Central & Southern Florida, February 2019
The decision to repeat last year’s trip to Florida was based more on escaping the poor UK weather than trying to tick off a whole heap of new species. That being said, we thought we’d at least attempt our luck a bit further north towards Ocala to see if we could turn up anything different. We decided on a couple of nights around Ocala, a return to some spots around Sebring, and of course a few days in the southern and central Everglades.
Everglades National Park
As easy as it would be to spend all our time here, we limited ourselves to just two days and two nights. We figured this would be more than enough time to kick off our trip with the usual Nerodia-fest, plus leave a little wiggle room for any other species that felt like making an appearance.
Despite preferring the more hands-on, sharp-eyed approach to stealthily stalking habitat for coiled quarry, I still enjoy the building anticipation before a spot of road cruising, be it dirt or tarmac. Eyes will strain, necks will ache, and caffeine will be consumed, all in the name of the excitement of scanning each road-based blotch, shape or object as we trundle along. In the immortal words of Vin Diesel, ‘I live my life a 15mph quarter mile at a time’.
There were also a couple of occasions (as usual) where other road users were not bothered about causing animal fatalities. What’s weird is this often occurs on roads where surely the users can’t be in a particular rush to get anywhere: The main ENP road doesn’t exactly lead to a time-critical business meeting (and could benefit from stricter regulations - something we discussed with the park rangers on one evening), nor do any of the WMA dirt roads serve as vital commuting routes between anywhere, so why people are blasting about these places is beyond me. Some folks bang on about non-native invasive species, but during just a couple of trips over here it's fairly clear that it's humans that are causing more damage on a daily (and nightly) basis. Worryingly, a number of cars were clearly road cruising and were comfortably managing to add to the death totals - we witnessed at first hand herpers flattening smaller game including ribbons, brown snakes, cottonmouths, assorted juvenile Nerodia and a tiny scarlet king. Anyone can spot some of the larger snakes at higher speeds, but unfortunately some folks are unknowingly (or perhaps knowingly) killing the little guys.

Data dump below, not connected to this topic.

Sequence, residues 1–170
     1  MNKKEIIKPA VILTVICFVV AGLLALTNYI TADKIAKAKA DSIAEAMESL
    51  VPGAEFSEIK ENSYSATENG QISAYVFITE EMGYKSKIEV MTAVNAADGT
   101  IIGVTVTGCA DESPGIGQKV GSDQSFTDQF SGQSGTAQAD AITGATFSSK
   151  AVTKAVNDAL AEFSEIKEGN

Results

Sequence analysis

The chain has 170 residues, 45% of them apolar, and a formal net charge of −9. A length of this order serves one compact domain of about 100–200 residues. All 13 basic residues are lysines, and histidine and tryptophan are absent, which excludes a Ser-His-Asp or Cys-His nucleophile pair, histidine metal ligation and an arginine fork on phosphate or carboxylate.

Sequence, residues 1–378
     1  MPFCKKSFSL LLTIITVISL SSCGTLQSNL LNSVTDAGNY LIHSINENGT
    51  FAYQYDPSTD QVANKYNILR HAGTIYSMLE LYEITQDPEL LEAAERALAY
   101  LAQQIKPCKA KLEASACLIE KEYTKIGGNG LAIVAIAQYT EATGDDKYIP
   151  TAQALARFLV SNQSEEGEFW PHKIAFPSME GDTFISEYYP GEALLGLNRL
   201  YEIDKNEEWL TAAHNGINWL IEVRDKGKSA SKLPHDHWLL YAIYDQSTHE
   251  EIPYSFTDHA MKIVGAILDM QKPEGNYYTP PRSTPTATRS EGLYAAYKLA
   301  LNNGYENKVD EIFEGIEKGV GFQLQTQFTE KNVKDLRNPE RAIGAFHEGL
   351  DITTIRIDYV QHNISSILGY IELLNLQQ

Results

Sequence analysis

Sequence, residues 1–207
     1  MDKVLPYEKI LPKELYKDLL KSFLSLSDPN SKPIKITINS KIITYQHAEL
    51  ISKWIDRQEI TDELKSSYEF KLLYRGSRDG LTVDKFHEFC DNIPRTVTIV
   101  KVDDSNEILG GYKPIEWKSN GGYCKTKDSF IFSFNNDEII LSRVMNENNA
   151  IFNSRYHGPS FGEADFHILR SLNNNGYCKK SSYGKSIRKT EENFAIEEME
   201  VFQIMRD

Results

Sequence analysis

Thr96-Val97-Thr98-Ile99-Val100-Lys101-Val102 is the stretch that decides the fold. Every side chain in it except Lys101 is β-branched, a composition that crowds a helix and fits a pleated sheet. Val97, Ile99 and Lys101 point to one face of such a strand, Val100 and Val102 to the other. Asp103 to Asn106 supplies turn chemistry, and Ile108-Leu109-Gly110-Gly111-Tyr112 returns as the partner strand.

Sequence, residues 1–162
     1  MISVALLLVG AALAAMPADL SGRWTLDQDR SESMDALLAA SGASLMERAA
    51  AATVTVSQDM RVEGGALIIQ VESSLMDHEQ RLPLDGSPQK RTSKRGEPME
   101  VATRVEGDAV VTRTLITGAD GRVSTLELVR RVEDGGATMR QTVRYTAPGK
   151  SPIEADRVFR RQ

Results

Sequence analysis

Ocala (via Clewiston)
As an excuse to explore a different area of the state we headed to Ocala for a couple of days, visiting one or two potential cane field locations enroute. As usual, any kings remained elusive but we did manage a nice Yellow rat snake (Pantherophis alleghaniensis) along with some great views of a number of Northern harriers (Circus hudsonius). A quick stop near Lake Placid also provided a healthy dose of racers in not-so-healthy habitat.
Day one in Ocala brought us quite a bit of rain and made the anticipated slow-going even slower. A flipped Eastern garter would be our only snake during the rains. Day two provided better weather but still none of the xeric specialists would show up. Following dirt roads and flipping the odd bit of trash provided a Gopher tortoise, a number of skinks and a nice Racer (Coluber constrictor priapus), before our time was up and we headed back down towards Lake Placid.
Just like all visitors to Florida do at some point, we began our day with a morning visit to a trash site. The first flipped item of the day revealed a beautiful Eastern coral snake (Micrurus fulvius), followed by a further chunk of hours where absolutely nothing was found under cover – although a number of racers were spotted out and about amongst the assorted debris (which included hot tubs, a dishwasher, multiple toilets and a speedboat – all of which were no longer functional).
We concluded our trip with a couple of days around Everglades City, repeating some of the locations we checked in 2018 with some additional searching in a different State Preserve. Up until this point every single cottonmouth I’d spotted had been previously flattened, so it was nice to finally spot a nice chunky specimen in some natural swampy habitat.
There’s also something particularly delightful about a Floridian sunset. It’s almost easy to be distracted from happy-hour activities when the sky is glowing with pinks and golds. These canvasses provided the backdrop for our last two evenings, with the stand-out find being a splendid little scarlet snake (Cemophora c. coccinea) on the last night.
Somebody once told me that by searching for wildlife in places like Costa Rica, Borneo and North America it was like having a busman’s holiday. However, when one comes from a country with zero wilderness and more dogs and cats than common sense, it is nice to get a break from the norm and see what ‘natural’ actually looks like. If I wanted a busman’s holiday I’d go to Crufts. As I said last year, some parts of Florida still tick this 'natural' box, and I hope as much (or as little!) as possible can be done to ensure the wild places stay wild for long after I’m gone.
Thanks for reading/watching!
With thanks to Daniel (that coral was down to you!) and Bill (although I didn't make it to your suggested area, the advice was much appreciated - and hopefully I'll be back again!).